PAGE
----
COVID-19 Serology Surveillance Strategy
Updated May 17, 2020
Serology tests look for antibodies in the blood.
Antibodies are proteins that can fight off infections.
CDC is working with state, local, territorial, academic, and commercial partners to better understand COVID-19 in the United States. CDC has an overarching strategy for learning more about how many people have been infected with SARS-CoV-2, the virus that causes COVID-19, and how it is spreading through the U.S. population. This strategy includes using serology testing for surveillance to better understand how many infections with SARS-CoV-2 have occurred:
- At different points in time,
- In different locations, and
- Within different populations in the United States.
CDC is collaborating with public health and private partners on a variety of surveys of different sizes, locations, populations studied, and purposes. The seroprevalence surveys CDC is conducting include:
Serology tests look for antibodies in blood. If antibodies are found, that means there has been a previous infection. Antibodies are proteins that can fight off infections. Investigations using serology testing are called seroprevalence surveys. CDC is collaborating with public health and private partners on a variety of seroprevalence surveys of different sizes, locations, populations studied, and purposes. The seroprevalence surveys CDC is conducting include large-scale geographic surveys, community level surveys, and smaller-scale surveys focusing on specific populations in order to learn more about COVID-19.
Objectives of Surveillance of U.S. Serology Testing
- To provide a more complete estimate of how common COVID-19 is (or the incidence of infection)
- To guide control measures, such as social distancing
Serology testing surveillance provides important information
A key CDC priority is to track COVID-19 infections to determine how much of the U.S. population is infected over time. CDC uses a variety of surveillance systems to track COVID-19 cases based on people who seek medical care. However, these systems can miss infections that occur in people who had mild or asymptomatic illness (i.e., no signs or symptoms) who did not seek medical care or get tested.
By using seroprevalence surveys, CDC can learn about the total number of people that have been infected, including those infections that might have been missed. These surveys also can help estimate how much of the population has not yet been infected, helping public health officials plan for future healthcare needs. These surveys can also track how infections progress through the population over time. This is done by taking “snap shots” of the percentage of people who have antibodies against SARS-CoV-2 (also called the seroprevalence) at different time points.
Seroprevalence surveys also can look at risk factors for disease, such as a person’s age, location, or underlying health conditions. Finally, some kinds of seroprevalence surveys can determine how long antibodies last in people’s bodies following infection.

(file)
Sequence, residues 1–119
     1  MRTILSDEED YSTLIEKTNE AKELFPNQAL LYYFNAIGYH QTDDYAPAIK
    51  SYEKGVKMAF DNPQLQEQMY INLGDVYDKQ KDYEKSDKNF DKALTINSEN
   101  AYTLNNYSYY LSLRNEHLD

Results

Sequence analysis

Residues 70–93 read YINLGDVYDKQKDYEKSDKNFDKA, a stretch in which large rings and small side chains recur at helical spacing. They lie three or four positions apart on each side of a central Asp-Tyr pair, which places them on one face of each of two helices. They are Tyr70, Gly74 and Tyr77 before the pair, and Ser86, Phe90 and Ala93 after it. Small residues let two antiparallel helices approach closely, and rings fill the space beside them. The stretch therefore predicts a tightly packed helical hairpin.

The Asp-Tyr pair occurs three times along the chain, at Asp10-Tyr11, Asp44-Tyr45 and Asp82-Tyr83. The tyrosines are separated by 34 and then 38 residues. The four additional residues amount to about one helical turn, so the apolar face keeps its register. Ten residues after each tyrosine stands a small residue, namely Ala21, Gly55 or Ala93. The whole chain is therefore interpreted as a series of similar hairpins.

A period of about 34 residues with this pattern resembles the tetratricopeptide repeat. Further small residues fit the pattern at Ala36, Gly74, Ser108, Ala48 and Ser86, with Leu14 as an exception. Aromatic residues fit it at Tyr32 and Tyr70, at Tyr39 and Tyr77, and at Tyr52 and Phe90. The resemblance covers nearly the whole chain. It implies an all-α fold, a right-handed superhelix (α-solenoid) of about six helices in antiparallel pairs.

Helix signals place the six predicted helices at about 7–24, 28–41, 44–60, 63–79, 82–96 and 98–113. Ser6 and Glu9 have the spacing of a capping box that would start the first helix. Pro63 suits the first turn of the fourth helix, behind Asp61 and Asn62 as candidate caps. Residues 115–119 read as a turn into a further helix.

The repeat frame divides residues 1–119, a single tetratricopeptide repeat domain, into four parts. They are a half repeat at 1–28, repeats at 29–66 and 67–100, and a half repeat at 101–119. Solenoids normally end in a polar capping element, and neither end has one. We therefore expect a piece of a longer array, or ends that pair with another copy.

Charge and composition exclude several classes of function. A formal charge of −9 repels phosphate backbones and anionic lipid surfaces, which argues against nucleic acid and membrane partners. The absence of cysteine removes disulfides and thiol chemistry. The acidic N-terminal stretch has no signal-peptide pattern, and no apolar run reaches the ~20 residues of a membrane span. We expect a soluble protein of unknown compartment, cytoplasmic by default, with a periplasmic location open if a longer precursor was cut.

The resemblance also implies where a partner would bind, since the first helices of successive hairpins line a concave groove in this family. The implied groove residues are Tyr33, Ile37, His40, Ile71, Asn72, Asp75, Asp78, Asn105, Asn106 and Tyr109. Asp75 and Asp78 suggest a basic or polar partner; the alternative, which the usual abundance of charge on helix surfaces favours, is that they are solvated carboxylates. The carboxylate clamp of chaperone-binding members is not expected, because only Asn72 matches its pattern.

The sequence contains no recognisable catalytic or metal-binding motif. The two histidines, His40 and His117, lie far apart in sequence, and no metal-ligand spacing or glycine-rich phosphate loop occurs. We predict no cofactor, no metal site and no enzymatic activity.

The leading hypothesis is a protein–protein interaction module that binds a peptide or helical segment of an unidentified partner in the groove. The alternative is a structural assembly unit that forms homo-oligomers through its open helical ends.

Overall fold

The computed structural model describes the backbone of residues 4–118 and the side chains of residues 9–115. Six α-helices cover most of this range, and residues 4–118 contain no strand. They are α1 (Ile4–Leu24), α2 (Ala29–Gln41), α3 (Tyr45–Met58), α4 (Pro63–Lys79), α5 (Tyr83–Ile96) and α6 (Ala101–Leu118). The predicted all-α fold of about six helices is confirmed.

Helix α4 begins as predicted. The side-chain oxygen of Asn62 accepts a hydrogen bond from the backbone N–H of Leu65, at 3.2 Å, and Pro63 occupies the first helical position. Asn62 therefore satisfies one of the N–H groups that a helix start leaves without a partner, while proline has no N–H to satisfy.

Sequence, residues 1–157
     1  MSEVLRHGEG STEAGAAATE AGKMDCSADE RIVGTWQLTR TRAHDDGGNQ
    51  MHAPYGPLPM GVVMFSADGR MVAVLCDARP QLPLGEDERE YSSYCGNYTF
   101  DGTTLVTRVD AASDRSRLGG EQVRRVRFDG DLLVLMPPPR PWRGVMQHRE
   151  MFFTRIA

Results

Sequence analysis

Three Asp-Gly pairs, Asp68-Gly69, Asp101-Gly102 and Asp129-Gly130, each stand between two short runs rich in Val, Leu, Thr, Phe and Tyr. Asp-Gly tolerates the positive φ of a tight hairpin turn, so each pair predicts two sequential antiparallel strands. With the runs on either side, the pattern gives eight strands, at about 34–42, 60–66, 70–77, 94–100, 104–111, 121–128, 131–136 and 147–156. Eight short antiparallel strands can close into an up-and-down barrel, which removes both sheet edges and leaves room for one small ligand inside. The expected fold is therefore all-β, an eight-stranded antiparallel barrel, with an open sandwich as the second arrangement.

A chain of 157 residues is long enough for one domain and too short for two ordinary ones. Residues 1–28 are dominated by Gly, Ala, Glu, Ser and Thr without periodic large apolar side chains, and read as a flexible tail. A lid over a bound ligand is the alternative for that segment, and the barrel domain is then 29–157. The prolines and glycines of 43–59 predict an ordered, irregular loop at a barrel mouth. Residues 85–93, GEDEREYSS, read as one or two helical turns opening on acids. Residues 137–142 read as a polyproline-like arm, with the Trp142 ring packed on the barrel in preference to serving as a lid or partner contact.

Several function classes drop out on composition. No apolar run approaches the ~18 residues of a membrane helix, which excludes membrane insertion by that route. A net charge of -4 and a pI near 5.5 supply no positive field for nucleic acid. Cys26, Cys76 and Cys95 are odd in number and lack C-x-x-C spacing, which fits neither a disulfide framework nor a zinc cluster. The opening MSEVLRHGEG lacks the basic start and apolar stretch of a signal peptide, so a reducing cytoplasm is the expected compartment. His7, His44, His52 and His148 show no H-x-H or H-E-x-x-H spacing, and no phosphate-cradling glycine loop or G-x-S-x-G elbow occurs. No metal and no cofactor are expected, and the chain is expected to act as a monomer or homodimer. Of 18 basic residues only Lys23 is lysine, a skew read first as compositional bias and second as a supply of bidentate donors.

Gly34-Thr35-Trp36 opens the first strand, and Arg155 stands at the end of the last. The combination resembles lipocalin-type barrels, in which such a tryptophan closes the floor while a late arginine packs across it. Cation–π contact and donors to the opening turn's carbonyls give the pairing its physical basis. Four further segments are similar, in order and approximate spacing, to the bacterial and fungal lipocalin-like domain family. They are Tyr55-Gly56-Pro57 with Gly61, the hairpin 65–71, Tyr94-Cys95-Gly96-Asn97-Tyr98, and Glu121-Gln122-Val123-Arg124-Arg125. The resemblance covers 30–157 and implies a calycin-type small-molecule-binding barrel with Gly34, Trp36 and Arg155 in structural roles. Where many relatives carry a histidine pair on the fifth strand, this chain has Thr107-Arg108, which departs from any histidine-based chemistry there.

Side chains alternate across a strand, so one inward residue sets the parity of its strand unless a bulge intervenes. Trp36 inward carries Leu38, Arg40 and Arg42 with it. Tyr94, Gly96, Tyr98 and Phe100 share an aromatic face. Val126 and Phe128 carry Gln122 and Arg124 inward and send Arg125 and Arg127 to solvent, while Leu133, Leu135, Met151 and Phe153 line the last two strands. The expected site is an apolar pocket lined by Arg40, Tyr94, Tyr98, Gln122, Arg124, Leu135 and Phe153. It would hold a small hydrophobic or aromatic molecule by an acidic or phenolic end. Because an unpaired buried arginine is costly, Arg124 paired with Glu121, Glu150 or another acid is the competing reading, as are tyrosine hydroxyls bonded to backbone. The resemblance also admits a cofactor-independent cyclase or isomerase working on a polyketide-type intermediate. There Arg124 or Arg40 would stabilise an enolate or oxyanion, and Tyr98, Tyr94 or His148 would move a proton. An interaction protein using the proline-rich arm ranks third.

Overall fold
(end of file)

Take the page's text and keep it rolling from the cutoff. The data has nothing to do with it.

- How much of the U.S. population has been infected with the virus causing COVID-19 (SARS-CoV-2)?
- How is this changing over time?
- Are there different characteristics, or risk factors, that are associated with SARS-CoV-2 infection, such as age, location, or underlying health conditions?
- How many U.S. residents experienced mild or asymptomatic COVID-19 illness?
- How long can antibodies be found after a COVID-19 infection?
- How much of the U.S. population is immune to COVID-19 and not able to get infected again?
- How many antibodies are needed to protect someone from COVID-19?
- How long will someone with antibodies be protected from COVID-19?
- Can you be re-infected with COVID-19?
- Can people with antibodies return to work?
Serology tests look for antibodies
Serology surveillance starts with the use of serology tests in people selected from a population. A blood sample is collected, and the serology test is used to look for antibodies in the blood sample.
Positive serology test results mean a past or recent infection
When antibodies are found (a positive test result), it means that a person was infected with SARS-CoV-2 and their body’s immune system responded to the virus at some point in the past. People develop antibodies when their body’s immune system responds to an infection. These antibodies can be found in the blood of people previously infected whether or not they had signs or symptoms of illness.
Note: It can take 1–2 weeks after the first symptoms appear for antibodies to develop in the body. Since it often takes about a week for symptoms to appear after getting infected with SARS-CoV-2, antibodies could develop about 2-3 weeks after infection. This means serology tests may not detect current SARS-CoV-2 infections and should not be used to diagnose current COVID-19.
Negative serology test results have more than one meaning
When a serology test does not find antibodies (that is, when the result is negative), there are several possible meanings, so interpreting how someone acts on these results is critical. Sometimes a negative serology result means that the person was not infected. However, it can also mean that infection occurred, but how the body’s immune system responded was not strong enough to make enough antibodies, or that there has not been enough time for antibodies to develop (which can take 1–2 weeks after someone is infected to develop in the body). CDC has information on test results and on the CDC serology test on the Serology Testing for COVID-19 page.